06/14/2016 08:33 EDT | Updated 06/14/2016 08:59 EDT

Senate Trade Barriers List Sees Canada's Red Chamber Go Full Listicle

Canada's government knows how to keep up with the times.

Say this for the Canadian government: it knows how to keep up with the times.

Two years ago, Foreign Affairs Canada used BuzzFeed lists to criticize its enemies and promote its interests.

Now, a Senate committee on trade and commerce has made a clever list of Canada's "Top 10 Weirdest Trade Barriers."

The list, released Tuesday, cites issues such as traffic restrictions, carbon taxes and a ban on cheese shipping.

It's a clever and informative report, delivered in an engaging package that was far simpler (and, frankly, better) than simply releasing giant blocks of text (though you can read it that way too).

The report isn't quite delivered in a full BuzzFeed format. So below you'll find "Simpsons" GIFs added to give the complete experience.

Here are 10 of the weirdest barriers to trade, as cited by the Senate:

1) "Traffic Jam"

The report takes issue with the fact that certain trucking patterns can only be driven during the day in Alberta ... and at night in B.C. "Insomniacs rejoice," it says.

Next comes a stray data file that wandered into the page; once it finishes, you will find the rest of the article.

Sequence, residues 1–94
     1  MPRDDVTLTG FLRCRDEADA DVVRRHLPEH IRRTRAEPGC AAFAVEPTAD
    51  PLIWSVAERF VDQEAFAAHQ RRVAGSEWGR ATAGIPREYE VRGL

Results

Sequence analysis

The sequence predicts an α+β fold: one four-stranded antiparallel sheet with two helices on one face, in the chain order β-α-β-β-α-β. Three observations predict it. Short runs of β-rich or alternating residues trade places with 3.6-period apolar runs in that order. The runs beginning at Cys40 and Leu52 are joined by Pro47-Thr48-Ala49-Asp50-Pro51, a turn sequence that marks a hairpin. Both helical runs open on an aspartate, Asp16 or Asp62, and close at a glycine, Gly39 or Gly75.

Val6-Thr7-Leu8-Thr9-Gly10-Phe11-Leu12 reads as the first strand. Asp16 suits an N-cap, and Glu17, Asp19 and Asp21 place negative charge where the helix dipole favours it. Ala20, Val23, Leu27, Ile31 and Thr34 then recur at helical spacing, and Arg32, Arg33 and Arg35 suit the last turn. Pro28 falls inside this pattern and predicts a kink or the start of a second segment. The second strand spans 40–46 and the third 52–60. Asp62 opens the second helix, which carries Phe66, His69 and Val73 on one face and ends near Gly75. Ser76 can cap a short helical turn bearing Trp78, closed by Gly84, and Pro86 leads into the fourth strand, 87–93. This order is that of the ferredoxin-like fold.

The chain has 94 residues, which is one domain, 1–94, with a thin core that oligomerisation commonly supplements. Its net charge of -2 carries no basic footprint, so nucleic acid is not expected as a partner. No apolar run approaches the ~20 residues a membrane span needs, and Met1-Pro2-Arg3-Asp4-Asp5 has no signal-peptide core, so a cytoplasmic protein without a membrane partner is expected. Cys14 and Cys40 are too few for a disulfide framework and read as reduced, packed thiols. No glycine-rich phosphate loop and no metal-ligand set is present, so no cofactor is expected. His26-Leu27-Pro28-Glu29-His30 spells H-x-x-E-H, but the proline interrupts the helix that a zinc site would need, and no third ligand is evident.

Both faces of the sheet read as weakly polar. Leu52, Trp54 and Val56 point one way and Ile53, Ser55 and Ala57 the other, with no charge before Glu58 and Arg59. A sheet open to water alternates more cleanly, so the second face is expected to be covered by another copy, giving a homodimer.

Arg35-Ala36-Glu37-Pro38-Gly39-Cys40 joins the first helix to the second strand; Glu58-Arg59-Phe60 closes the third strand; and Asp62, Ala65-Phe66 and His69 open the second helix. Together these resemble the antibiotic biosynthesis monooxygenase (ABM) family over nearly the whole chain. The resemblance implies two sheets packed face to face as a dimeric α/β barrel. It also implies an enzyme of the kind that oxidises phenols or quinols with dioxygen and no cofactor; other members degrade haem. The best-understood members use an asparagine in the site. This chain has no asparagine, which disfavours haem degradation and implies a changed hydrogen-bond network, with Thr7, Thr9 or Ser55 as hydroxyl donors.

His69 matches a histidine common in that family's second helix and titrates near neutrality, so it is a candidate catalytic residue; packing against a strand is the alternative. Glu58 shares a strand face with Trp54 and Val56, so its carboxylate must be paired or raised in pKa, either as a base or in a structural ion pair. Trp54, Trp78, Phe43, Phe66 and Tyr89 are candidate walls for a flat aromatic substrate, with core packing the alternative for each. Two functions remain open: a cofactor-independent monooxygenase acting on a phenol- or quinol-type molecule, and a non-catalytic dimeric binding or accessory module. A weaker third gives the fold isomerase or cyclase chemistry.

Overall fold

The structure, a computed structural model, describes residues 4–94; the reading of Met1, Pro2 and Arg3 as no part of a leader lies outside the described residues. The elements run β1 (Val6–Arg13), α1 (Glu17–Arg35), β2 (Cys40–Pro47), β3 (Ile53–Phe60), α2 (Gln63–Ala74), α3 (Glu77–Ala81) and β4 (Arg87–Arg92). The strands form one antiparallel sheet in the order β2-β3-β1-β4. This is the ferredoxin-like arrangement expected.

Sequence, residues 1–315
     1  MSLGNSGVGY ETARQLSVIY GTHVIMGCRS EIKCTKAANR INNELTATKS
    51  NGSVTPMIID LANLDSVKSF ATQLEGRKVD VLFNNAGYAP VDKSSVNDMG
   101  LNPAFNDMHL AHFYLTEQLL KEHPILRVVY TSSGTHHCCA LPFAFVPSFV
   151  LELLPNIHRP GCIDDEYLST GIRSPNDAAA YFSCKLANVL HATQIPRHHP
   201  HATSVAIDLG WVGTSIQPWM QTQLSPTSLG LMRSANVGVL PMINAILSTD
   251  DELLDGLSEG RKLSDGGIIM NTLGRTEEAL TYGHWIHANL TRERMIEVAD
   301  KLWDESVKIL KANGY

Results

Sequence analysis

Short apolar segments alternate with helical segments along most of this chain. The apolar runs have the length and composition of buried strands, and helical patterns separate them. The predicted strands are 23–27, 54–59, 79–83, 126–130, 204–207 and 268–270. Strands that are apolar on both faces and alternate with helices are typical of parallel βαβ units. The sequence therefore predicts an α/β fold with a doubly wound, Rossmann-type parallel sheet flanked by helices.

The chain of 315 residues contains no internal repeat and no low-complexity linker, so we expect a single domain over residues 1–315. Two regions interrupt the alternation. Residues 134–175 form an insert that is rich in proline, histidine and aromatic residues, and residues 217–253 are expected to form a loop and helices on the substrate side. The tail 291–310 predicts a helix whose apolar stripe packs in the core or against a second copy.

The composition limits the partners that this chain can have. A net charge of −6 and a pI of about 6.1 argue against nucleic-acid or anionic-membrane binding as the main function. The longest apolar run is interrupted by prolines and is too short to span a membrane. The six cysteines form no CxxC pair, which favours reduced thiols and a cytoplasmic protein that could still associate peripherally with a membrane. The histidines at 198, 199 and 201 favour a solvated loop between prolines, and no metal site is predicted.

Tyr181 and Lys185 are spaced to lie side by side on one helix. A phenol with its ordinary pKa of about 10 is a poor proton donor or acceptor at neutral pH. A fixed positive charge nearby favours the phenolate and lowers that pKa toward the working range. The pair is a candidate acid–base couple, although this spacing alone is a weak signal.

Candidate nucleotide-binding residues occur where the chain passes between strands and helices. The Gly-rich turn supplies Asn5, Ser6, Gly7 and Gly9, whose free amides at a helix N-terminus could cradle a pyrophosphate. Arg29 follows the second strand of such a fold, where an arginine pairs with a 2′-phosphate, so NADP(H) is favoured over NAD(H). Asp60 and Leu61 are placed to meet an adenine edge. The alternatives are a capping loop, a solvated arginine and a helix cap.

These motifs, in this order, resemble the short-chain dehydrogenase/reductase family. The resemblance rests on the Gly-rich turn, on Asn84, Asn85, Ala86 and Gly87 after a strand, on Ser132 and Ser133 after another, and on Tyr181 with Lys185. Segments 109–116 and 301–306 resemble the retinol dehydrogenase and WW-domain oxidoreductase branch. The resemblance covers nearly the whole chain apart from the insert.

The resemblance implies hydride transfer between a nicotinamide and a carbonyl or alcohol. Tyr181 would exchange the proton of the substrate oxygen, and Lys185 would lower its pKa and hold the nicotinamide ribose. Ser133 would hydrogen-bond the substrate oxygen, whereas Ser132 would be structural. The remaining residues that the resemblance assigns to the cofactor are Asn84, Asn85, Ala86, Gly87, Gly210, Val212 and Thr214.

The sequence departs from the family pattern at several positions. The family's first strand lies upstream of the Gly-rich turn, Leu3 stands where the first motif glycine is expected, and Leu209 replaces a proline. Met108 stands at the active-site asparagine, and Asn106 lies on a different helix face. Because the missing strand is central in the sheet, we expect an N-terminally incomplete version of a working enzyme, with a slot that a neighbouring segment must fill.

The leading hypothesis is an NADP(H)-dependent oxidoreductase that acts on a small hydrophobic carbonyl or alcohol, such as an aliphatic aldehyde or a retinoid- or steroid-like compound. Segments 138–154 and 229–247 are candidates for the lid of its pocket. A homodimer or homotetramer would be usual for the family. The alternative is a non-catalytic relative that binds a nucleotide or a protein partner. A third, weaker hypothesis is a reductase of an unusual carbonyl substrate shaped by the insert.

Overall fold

2) "Traffic Jam, Part II"

Truck drivers have to take fuel-efficient tires off their vehicles at the borders of certain provinces because they're not permitted.

3) "The Grapes of Wrath"

Only four provinces allow wine to be shipped directly to consumers. But provincial liquor boards also charge heavy markups on booze — in Ontario, it's 66 per cent.

4) "The Cheese Police"

The report finds it "un-brie-lievable" that Quebec cheeses can't be shipped out of the province.

5) "An Ale-ing System"

Parts of Canada have varying beer bottle sizes. That means brewers need to drop cash on different production systems if they want to sell their product across Canada.

6) "Size Does Matter"

Milk container and dairy creamer sizes also vary, forcing companies to double up their production.

7) "Carbon Omissions"

Provinces have different standards for reducing carbon emissions, and that can mean that it's more expensive to operate a business in one place than another. Quebec and Ontario, for example, have cap-and-trade systems, and Manitoba is about to adopt one. Meanwhile, B.C. and Alberta have carbon taxes.

8) "Papers Please"

A business headquartered in one province has to register to operate in another one. Only New Brunswick and Nova Scotia recognize each other's business registrations.

9) "A Sticky Situation"

Individual provinces have different standards for grading maple syrup. A sweet rating in one province doesn't necessarily mean the same sweetness elsewhere.

10) "Organic Feud"

It's the same for organic food. Different provinces have different ways of deciding how organic food really is.

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